Does new irrigation report make case for land fallowing?
California ag is only .5 percent inefficient, according to a just-released study by the Center for Irrigation Technology (CIT) at California State University, Fresno.
I have no reason to doubt the findings of the eighty-page report, which seem to carefully made, at least to a layperson like me.
The findings are based on a thorough review of published research and technical data as well as state of California publications to assess the overall potential for agricultural water-use efficiency to provide new water supplies. The report found that little potential exists for new water unless large swaths of agricultural land are taken out of production, which technically is not water-use efficiency.
“Unless large swaths are taken out of production.” That’s really the issue that the study implicitly directs our attention to. Or mine, anyway.
As a way of freeing up water supply, fallowing is one option. That would of course be contentious, especially so for one of the underwriters of the CIT report, the California Farm Water Coalition. Cheap food, after all, is a persuasive argument.
There are more and less likely regions of the Central Valley that might be taken out of production. Many if not all of them are in the San Joaquin Valley and Tulare Basin.
Speaking of which, Patricia McBroom at the California Spigot recently argued for restoring Tulare Lake:
If the lake were recovered - representing about 200,000 acres of farmland - it could hold the liquid equivalent of about three new reservoirs, and could charge the depleted underlying aquifer as well. It’s a grand idea, supported not only by Zuckerman, but by the 200 organizations that make up the Environmental Water Caucus.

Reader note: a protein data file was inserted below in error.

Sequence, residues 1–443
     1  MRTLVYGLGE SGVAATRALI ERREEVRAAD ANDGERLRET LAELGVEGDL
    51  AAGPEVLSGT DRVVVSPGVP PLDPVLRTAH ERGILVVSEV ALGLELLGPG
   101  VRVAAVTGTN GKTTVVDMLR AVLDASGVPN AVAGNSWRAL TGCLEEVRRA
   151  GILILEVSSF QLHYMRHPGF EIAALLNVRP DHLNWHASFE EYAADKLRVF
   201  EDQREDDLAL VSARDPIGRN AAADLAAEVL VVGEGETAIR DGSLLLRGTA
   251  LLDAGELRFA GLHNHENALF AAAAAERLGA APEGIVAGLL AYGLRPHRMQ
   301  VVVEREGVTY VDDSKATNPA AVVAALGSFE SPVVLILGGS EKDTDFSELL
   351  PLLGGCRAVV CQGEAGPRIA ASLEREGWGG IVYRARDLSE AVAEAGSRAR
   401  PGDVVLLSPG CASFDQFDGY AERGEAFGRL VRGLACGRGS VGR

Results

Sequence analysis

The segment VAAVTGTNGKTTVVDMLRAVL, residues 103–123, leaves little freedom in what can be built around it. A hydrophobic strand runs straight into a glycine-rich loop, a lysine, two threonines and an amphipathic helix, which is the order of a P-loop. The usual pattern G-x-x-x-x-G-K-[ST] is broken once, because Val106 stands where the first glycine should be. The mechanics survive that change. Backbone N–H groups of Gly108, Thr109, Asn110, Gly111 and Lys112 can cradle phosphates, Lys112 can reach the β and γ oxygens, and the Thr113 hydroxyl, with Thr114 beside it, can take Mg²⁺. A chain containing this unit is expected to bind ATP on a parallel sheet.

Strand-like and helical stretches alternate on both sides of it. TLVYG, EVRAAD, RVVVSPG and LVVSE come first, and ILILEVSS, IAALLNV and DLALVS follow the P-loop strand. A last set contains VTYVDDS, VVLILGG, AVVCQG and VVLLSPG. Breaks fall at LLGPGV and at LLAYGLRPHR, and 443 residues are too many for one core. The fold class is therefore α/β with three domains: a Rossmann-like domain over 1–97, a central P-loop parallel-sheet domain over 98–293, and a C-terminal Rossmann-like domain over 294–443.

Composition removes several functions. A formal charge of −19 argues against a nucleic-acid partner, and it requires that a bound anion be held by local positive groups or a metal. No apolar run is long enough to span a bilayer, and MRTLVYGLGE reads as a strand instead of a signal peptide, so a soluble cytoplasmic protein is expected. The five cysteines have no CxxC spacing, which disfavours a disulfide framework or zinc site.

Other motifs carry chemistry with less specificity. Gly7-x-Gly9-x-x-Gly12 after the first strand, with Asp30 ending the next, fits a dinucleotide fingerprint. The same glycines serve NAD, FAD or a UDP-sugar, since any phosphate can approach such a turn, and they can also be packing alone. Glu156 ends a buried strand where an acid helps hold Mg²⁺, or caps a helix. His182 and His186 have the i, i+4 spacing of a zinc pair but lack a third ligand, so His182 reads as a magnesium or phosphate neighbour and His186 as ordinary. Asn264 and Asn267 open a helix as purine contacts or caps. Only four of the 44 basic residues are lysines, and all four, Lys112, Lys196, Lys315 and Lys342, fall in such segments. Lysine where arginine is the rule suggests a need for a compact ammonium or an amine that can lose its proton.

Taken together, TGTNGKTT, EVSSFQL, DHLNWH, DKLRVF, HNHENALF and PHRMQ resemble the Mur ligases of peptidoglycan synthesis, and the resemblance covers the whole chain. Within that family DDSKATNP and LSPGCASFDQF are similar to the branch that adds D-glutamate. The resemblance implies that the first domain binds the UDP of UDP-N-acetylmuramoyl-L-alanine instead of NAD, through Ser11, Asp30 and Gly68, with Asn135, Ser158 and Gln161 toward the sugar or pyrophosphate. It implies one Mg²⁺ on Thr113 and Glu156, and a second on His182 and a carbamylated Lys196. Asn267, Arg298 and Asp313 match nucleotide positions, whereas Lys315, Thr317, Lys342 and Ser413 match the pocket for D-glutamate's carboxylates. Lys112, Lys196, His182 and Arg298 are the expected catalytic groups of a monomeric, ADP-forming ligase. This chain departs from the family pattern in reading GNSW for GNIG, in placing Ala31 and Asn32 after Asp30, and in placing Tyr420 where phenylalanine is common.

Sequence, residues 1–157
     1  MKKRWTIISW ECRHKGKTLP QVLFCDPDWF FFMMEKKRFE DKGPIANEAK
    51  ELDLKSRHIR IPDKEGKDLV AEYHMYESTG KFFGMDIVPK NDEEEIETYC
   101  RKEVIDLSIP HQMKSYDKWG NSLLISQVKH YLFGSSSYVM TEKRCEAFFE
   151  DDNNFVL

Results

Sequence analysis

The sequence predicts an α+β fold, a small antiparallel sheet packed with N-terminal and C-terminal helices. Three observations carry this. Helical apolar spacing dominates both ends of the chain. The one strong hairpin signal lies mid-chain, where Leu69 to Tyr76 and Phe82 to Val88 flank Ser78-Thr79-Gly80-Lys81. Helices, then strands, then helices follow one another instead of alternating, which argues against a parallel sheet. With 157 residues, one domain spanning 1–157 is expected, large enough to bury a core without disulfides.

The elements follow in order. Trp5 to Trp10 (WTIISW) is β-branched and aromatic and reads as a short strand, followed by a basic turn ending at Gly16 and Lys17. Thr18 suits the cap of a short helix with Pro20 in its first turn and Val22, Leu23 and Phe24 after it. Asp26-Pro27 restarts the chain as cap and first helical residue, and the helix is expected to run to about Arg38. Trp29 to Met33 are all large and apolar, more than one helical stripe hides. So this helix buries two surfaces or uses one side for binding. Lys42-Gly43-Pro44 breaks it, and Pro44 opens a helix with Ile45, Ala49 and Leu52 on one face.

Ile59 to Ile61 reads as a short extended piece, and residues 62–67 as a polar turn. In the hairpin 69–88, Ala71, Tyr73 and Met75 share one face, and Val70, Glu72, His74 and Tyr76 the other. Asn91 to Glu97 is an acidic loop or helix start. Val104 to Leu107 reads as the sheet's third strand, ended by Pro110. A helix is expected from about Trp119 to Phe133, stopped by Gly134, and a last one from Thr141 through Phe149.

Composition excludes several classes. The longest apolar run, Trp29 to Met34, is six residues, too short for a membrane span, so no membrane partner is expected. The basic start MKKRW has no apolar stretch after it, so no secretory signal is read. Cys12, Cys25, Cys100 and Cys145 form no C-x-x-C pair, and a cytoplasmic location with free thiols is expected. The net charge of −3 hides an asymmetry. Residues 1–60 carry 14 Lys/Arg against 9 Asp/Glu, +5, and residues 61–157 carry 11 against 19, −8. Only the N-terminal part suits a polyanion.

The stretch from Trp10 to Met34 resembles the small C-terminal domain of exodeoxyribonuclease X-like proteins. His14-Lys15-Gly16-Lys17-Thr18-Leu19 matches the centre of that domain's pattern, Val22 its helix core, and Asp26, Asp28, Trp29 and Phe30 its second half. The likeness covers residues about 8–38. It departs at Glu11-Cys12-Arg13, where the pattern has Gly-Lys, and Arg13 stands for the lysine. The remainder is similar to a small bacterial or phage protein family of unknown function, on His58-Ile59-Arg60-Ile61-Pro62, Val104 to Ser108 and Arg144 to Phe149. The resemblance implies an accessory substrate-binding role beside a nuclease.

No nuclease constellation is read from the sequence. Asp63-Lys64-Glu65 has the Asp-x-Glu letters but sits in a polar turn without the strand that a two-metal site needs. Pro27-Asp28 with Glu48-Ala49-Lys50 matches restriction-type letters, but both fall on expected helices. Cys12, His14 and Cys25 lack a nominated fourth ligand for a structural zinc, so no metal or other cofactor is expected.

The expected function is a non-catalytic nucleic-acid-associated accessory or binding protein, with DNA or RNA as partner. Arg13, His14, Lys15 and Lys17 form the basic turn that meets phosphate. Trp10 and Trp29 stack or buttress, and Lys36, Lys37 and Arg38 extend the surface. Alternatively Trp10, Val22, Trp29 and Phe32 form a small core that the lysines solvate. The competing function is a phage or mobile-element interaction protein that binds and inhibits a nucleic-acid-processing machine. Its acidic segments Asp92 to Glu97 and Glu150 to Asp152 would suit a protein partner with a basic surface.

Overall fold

Even the CIT report identifies the unsustainable scale of overdrafting on the aquifer as a major issue, if not one within the scope of their study. It is not their obligation to draw conclusions about that fact. But it should be a major concern for someone, shouldn’t it? McBroom’s piece at least synthesizes into a solution several interests - including groundwater repletion - that bring into greater balance available water supply with demand.
Not that that is likely to happen anytime soon. It seems that the CIT/CFWC argument is that “we are doing nearly everything we can to conserve water and we are still forced to overdraw groundwater because we don’t have enough available supply to meet our needs so that we can supply cheap food with cheap water and cheap labor.”
Clearly, one must conclude from the CIT report one of two things:
1/ Ag land must be taken out of production
2/ Additional water supply must be found to support existing ag demand.
Since current “alternative conveyance” studies are based not on increasing export of water but only ensuring its dependability (see this NRDC piece on the so-called “co-equal goals” principle for a refresher), we know where the hard line of pro-ag reasoning must eventually lead: to the unrestrained export of Delta water south, and a destroyed Delta ecosystem.